Mark Needham

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Nygard Big Data Model: The Investigation Stage

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Earlier this year Michael Nygard wrote an extremely detailed post about his experiences in the world of big data projects and included in the post was the following diagram which I’ve found very useful.

Nygard

Nygard’s Big Data Model (shamelessly borrowed by me because it’s awesome)

Ashok and I have been doing some work in this area helping one of our clients make sense of and visualise some of their data and we realised retrospectively that we were very acting very much in the investigation stage of the model.

In particular Nygard makes the following suggestions about the way that we work when we’re in this mode:

We don’t want to invest in fully automated machine learning and feedback. That will follow once we validate a hypothesis and want to integrate it into our routine operation.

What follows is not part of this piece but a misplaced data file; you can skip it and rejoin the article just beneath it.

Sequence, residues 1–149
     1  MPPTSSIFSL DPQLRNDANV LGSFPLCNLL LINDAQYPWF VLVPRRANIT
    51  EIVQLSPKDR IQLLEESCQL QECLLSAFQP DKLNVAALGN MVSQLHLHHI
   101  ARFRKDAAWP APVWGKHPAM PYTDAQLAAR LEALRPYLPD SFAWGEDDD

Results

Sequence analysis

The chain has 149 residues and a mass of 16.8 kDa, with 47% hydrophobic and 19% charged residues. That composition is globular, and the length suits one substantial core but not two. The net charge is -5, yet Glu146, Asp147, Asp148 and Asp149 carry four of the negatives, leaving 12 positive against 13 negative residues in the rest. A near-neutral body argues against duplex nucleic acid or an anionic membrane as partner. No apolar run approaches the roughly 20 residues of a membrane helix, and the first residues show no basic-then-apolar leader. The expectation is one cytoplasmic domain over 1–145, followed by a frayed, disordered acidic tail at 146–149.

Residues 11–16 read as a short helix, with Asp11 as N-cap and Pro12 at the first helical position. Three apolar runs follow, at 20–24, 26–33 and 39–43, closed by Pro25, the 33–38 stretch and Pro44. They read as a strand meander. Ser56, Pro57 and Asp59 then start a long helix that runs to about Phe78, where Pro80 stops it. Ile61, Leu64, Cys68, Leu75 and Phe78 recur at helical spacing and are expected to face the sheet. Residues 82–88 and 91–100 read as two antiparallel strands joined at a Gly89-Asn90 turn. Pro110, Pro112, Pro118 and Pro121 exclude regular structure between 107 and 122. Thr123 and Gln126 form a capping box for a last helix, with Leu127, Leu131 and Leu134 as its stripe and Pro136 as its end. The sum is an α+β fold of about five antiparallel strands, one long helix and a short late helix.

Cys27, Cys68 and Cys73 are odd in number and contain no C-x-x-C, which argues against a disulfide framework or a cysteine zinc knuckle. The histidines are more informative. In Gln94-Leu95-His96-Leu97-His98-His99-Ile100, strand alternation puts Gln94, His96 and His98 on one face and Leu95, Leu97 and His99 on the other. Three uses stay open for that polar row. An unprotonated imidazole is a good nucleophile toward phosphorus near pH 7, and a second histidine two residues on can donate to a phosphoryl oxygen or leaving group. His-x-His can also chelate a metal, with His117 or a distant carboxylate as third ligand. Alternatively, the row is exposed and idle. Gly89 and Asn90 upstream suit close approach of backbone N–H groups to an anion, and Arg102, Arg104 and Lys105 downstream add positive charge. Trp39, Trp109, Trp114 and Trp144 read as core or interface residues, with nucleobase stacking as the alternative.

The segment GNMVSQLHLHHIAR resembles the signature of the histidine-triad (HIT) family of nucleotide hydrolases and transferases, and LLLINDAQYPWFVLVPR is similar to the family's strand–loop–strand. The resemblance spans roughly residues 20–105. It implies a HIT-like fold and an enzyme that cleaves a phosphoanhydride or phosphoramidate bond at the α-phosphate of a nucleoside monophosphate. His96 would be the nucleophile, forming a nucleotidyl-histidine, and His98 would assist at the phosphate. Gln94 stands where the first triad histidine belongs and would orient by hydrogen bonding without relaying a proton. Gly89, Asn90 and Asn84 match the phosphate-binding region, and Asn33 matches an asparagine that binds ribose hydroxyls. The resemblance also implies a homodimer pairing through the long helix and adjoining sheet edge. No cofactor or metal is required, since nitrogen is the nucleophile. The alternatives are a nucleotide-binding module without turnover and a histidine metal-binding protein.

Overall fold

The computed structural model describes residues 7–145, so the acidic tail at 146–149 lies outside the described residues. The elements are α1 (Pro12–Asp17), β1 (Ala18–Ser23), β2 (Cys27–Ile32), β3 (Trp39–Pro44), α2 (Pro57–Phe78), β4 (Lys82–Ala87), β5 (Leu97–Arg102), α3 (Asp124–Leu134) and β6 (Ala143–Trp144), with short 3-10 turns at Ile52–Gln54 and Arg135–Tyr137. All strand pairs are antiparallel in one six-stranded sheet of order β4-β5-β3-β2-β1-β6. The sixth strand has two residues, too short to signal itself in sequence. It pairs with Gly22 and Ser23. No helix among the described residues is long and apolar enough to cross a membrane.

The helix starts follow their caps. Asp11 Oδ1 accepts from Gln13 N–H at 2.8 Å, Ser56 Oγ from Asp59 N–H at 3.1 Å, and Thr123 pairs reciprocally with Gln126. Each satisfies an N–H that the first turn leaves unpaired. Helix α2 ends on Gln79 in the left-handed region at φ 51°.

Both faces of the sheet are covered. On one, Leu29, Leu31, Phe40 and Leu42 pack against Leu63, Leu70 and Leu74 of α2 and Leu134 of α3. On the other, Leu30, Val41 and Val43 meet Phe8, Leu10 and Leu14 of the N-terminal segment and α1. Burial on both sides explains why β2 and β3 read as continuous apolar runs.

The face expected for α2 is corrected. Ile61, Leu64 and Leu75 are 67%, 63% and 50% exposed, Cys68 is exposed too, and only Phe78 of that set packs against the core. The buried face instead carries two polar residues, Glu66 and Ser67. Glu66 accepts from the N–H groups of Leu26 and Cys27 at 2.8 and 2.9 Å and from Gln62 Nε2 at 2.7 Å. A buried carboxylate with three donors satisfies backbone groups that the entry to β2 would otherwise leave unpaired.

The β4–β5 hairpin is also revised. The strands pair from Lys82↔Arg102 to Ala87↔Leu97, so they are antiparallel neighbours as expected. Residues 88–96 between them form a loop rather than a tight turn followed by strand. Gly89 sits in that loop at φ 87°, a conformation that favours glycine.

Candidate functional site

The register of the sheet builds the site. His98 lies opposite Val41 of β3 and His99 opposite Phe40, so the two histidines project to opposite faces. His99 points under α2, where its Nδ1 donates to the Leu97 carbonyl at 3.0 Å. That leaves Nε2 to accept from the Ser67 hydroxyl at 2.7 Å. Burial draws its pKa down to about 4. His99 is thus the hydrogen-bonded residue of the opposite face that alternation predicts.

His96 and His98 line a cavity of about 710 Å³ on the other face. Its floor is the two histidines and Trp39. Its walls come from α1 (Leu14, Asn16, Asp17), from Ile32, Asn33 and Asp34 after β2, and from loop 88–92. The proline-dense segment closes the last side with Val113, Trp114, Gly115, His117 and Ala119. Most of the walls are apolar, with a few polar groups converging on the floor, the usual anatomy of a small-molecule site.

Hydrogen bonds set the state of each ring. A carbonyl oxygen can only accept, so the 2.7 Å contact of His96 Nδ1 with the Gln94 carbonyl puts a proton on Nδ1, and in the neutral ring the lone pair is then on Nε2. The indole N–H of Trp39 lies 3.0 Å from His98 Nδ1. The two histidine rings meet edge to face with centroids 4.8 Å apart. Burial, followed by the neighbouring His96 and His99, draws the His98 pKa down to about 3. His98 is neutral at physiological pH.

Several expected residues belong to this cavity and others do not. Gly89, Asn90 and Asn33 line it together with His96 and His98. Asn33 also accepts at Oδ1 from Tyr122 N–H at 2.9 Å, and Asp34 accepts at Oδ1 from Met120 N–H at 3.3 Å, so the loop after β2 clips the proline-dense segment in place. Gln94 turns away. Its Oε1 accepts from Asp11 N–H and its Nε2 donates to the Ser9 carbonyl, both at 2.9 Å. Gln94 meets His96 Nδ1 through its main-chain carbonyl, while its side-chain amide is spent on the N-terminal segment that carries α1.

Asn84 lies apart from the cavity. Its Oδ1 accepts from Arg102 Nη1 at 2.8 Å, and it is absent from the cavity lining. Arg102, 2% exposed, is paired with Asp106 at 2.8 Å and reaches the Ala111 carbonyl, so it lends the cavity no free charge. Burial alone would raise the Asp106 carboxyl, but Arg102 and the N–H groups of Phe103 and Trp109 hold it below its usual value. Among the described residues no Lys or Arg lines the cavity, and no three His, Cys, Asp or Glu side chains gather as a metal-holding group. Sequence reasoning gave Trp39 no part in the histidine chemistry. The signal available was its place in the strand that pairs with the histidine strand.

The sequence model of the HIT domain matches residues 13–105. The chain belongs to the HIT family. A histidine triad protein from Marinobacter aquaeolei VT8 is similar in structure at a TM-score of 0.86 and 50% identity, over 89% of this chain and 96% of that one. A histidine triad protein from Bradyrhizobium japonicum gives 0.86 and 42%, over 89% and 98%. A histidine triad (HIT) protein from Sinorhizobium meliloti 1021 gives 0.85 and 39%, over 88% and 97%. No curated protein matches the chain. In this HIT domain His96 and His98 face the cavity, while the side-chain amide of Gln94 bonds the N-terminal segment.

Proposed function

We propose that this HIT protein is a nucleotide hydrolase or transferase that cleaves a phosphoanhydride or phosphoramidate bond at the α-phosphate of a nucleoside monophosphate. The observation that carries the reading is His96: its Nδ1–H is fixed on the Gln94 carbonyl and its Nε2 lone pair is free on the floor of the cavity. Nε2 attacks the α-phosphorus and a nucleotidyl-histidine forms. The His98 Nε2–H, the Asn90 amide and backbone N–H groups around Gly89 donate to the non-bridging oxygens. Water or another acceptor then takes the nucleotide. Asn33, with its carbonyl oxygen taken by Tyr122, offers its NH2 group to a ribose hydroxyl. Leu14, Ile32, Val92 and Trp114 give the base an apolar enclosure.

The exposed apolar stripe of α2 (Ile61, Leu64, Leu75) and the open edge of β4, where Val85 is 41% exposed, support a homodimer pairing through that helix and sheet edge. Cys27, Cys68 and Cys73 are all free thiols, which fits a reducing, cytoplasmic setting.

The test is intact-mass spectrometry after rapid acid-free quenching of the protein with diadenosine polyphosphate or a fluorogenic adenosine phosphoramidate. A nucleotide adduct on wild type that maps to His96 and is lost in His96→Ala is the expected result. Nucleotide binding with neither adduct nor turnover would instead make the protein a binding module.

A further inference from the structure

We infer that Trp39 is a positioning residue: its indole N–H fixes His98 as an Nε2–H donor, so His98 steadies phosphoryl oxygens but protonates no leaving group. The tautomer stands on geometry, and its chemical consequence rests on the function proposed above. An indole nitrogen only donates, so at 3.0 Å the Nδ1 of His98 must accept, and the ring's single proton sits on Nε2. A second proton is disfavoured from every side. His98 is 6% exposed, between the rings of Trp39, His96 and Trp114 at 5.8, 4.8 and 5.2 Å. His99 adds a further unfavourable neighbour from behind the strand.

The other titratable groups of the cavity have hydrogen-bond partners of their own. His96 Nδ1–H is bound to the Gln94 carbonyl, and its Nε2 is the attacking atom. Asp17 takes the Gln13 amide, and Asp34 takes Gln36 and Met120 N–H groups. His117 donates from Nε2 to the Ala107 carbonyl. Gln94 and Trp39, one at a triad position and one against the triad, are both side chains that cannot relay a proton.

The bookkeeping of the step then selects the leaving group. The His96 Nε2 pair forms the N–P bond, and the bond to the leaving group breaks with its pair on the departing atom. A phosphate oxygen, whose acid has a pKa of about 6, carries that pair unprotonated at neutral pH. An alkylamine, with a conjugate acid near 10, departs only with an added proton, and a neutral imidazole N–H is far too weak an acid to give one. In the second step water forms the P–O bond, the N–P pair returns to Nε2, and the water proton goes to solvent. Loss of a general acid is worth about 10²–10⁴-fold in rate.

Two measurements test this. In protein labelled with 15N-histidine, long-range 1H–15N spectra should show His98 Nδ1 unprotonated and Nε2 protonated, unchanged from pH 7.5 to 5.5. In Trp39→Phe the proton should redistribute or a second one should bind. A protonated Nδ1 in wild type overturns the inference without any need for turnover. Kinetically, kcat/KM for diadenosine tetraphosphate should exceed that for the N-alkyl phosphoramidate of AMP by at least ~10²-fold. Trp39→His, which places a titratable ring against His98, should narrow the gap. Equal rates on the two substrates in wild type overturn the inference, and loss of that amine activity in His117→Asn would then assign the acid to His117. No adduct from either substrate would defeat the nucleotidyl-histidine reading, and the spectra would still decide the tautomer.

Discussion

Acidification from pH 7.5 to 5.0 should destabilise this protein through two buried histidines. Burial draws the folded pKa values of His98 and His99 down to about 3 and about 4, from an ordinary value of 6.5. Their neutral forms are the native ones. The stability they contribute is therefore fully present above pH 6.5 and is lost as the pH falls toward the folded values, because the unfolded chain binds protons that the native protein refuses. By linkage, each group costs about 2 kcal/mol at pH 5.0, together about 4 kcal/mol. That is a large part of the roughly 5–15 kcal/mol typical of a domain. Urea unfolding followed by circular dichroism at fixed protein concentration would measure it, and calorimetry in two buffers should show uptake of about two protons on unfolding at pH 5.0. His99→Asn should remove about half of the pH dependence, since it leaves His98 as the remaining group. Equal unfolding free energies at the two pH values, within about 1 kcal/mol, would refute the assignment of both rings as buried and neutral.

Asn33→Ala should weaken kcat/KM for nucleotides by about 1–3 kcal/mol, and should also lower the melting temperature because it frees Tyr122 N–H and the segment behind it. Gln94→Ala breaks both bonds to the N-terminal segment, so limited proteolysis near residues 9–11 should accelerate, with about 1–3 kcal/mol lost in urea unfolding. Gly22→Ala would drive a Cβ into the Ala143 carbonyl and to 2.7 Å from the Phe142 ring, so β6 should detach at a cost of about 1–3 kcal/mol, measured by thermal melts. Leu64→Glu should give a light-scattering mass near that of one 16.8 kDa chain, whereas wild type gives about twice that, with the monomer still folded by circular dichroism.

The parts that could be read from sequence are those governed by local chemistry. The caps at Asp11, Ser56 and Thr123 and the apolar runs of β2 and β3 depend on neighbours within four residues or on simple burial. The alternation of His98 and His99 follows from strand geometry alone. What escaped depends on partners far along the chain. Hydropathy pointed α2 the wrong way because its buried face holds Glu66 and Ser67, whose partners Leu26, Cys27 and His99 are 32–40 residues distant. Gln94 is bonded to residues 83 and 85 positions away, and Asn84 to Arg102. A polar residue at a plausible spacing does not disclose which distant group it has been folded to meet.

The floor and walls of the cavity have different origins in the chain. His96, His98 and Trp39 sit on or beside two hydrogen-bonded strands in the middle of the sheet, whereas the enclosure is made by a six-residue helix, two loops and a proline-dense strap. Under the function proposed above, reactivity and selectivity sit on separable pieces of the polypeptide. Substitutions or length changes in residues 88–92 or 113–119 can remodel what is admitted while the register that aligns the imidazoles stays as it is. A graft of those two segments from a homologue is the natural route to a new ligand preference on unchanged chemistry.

Ad-hoc analysis refers to human-based data exploration. This can be as simple as spreadsheets with line graphs…the key aspect is that most of the tools are interactive. Questions are expressed as code, but that code is usually just “one shot” and is not meant for production operations.

In our case we weren’t doing anything as complicated as machine learning – most of our work was working out the relationships between things, how best to model those and what visualisations would best describe what we were seeing.

We didn’t TDD any of the code, we copy/pasted a lot and when we had a longer running query we didn’t try and optimise it there and then, instead we ran it once, saved the results to a file and then used the file to load it onto the UI.

We were able to work in iterations of 2/3 hours during which we tried to answer a question (or more than one if we had time) and then showed our client what we’d managed to do and then decided where we wanted to go next.

To start with we did all this with a subset of the actual data set and then once we were on the right track we loaded in the rest of the data.